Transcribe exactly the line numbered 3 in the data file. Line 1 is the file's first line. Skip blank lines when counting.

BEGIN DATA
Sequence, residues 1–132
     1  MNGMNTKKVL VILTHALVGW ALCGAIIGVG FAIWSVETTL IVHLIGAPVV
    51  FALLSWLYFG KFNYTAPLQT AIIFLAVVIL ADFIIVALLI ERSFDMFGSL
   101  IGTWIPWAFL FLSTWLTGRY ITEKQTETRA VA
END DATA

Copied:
    51  FALLSWLYFG KFNYTAPLQT AIIFLAVVIL ADFIIVALLI ERSFDMFGSL